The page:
Tuesday, September 3, 2013

Classic Films in Focus: JOHNNY GUITAR (1954)

Director Nicholas Ray’s Johnny Guitar (1954) has the trappings of a conventional Western, with its cowboy hats, lynch mobs, and hold ups, but the heart of the movie beats to the rhythms of melodrama and noir, and this triple blend makes the film quite a chimera. Taking the vicious rivalry of two women as its major theme, Johnny Guitar revels in a perverse reversal of the usual character tropes of the Western, even as it also explores the dangers of mob mentality seen in more traditional Westerns like The Ox-Bow Incident (1943). Joan Crawford stars with a cast that includes many Western regulars, including Ward Bond, Ernest Borgnine, John Carradine, and Royal Dano, but the fireworks between Crawford and rival actress Mercedes McCambridge will keep viewers glued to the screen.

Sterling Hayden plays the title character, a former gunslinger turned guitar player, but the real protagonist is Joan Crawford’s Vienna, who calls Johnny in as protection against the ranchers who want to close down her bar. Johnny and Vienna have history together, but Vienna has also attracted the admiration of the handsome Dancin’ Kid (Scott Brady). When the Kid and his gang hold up the bank, Vienna’s bitter rival, Emma Small (Mercedes McCambridge), hopes to implicate Vienna in the crime and induce the local posse to lynch her. The Kid, meanwhile, encounters problems of his own as his gang falls apart in the aftermath of the robbery.

Vienna is a perfect character for this incarnation of Joan Crawford, with her wide, red mouth and hard eyes full of anger. She is a fury in men’s clothes, all sharp edges only rarely relieved by any hint of softness. Equally intimidating is her antagonist, Emma, who straps on a gun belt over her mourning dress to lead the posse on its bloodthirsty quest. Neither woman is represented as beautiful or vulnerable, and neither symbolizes civilization in the way the Western’s women normally do. These women hate each other so passionately that they make the men around them nervous; even Emma’s ally, McIvers (Ward Bond), flinches at Emma’s relentless wrath. The lynching attempt serves as a climactic moment, when the men, unwilling to hang a woman, tell Emma that she’ll have to kill Vienna herself.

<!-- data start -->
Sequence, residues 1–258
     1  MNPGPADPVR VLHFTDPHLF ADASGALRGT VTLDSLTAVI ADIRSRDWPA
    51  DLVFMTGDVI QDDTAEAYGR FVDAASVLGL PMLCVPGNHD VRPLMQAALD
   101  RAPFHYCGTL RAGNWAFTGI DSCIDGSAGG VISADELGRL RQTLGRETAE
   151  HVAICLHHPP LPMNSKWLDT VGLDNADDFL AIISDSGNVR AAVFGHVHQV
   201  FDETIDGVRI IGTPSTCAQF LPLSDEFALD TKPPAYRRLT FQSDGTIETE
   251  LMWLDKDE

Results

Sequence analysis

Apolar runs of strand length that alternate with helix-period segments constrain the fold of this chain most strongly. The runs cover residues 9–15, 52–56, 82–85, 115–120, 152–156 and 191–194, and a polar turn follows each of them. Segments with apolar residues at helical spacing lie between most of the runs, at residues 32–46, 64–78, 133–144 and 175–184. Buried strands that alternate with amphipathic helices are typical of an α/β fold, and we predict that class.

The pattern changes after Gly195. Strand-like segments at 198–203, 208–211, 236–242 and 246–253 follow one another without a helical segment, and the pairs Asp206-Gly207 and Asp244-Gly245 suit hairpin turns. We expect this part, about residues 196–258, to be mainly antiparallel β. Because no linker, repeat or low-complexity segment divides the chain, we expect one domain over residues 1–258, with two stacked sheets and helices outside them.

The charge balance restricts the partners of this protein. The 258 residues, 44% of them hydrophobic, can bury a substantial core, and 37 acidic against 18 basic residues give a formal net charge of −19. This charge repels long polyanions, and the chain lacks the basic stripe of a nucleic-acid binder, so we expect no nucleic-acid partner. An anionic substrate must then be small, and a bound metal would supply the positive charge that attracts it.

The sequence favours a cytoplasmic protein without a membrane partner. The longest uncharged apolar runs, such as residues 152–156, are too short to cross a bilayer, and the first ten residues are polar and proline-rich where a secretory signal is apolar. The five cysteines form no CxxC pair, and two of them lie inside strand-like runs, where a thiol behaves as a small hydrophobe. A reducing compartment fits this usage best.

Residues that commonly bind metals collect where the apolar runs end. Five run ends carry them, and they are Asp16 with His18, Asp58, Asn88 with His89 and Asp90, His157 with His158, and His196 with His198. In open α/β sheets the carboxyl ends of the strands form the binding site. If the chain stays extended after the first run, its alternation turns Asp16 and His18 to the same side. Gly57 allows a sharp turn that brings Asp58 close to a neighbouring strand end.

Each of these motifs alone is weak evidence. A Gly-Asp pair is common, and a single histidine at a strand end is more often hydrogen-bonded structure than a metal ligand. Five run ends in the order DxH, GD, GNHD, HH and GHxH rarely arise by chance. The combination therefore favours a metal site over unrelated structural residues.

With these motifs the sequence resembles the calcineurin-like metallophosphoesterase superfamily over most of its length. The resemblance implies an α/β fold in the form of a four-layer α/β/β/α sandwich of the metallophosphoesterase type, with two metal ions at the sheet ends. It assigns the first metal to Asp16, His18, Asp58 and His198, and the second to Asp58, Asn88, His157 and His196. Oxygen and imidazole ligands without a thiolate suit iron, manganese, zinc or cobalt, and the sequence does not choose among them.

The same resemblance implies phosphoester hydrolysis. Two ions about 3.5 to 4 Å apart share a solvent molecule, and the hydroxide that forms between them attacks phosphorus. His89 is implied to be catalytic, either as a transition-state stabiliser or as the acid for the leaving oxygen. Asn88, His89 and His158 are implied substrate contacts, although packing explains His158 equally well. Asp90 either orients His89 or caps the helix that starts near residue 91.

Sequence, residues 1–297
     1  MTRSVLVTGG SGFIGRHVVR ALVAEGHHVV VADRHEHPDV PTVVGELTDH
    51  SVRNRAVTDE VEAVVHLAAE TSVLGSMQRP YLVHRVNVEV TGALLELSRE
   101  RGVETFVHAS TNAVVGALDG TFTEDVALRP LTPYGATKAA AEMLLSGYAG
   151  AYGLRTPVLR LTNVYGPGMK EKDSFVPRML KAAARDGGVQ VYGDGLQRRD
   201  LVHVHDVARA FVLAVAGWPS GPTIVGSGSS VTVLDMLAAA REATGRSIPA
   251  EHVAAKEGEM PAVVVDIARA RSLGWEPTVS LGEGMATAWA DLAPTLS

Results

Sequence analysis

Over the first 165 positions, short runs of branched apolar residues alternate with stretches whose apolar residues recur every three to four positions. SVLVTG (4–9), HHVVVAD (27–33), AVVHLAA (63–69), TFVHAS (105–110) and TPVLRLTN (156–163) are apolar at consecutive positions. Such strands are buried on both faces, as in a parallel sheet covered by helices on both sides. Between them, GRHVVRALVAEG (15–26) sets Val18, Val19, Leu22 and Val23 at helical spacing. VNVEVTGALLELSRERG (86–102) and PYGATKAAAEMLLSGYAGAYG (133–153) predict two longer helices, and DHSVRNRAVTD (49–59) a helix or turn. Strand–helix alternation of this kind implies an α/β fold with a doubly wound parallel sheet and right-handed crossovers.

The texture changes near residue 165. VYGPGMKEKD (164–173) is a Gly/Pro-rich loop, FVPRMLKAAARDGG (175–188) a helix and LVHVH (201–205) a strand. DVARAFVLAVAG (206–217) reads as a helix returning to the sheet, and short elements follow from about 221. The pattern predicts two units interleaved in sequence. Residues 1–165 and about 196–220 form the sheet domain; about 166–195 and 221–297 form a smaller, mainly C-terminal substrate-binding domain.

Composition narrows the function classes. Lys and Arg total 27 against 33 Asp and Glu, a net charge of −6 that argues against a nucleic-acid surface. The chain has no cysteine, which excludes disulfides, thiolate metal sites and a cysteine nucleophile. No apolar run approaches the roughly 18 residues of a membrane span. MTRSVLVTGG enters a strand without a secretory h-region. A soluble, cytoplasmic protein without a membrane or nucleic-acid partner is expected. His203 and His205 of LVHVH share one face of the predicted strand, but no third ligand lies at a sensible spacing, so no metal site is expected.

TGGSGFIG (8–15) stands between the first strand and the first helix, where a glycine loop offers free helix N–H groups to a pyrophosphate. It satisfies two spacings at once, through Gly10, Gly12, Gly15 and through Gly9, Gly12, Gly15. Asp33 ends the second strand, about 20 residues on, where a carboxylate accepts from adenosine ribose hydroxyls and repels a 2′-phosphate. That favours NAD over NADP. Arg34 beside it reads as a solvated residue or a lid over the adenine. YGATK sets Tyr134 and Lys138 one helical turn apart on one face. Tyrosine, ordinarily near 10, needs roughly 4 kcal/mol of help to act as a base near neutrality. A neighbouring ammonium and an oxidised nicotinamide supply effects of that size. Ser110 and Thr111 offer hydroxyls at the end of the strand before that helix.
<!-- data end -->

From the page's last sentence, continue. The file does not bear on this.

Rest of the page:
As Johnny, Sterling Hayden plays it low key in contrast to the pitched emotions of the two women, but his presence helps to enhance the noir atmosphere. The rest of the supporting cast includes actors who are perfectly at home in a Western, particularly Ward Bond, although his part in leading the mob pales against the irresistible force of Mercedes McCambridge’s Emma. John Carradine, lurking around the edges of the picture through much of the action, makes the most of his one big scene, and Ernest Borgnine is up to no good from the first time we see him, the only really bad guy in the Dancin’ Kid’s not so bad band. Young Ben Cooper gives the gang pathos as boyish Turkey, while Royal Dano nurses a consumptive cough as Corey. The Kid's humane treatment of both, and his loyalty to them, contrasts with Borgnine's selfish Bart and the murderously self-righteous townspeople, who have the gall to accuse the Kid and his gang of being the undesirables in the area.

Take time to appreciate the film’s pointed use of symbolism, from Vienna’s carefully chosen white dress to the chandelier that features in several key scenes. The bar itself is one of the most important symbols; Vienna makes it clear that every beam and nail in the place represents some piece of herself prostituted to a parade of lusting men, much to Johnny’s distress. Given that history, the bar’s fate is not only inevitable but necessary if Johnny and Vienna are to have any hope of rebuilding their relationship, assuming they survive the deadly plans of the lynch mob and the treachery brewing in the Kid’s band of thieves.

It would be difficult to recommend another film quite like Johnny Guitar, but director Nicholas Ray also made In a Lonely Place (1950), On Dangerous Ground (1952), and Rebel without a Cause (1955). For more of Joan Crawford in the 1950s, try The Damned Don’t Cry (1950), Sudden Fear (1952), and Torch Song (1953). Sterling Hayden, best known for his noir roles, also stars in The Asphalt Jungle (1950), Crime Wave (1954), and The Killing (1956). Mercedes McCambridge won an Oscar for Best Supporting Actress for her screen debut in All the King’s Men (1949), but you’ll also find her in Giant (1956), A Farewell to Arms (1957), and Suddenly, Last Summer (1959). For more conventional Westerns with Ward Bond, see John Ford classics like My Darling Clementine (1946), Fort Apache (1948), and The Searchers (1956).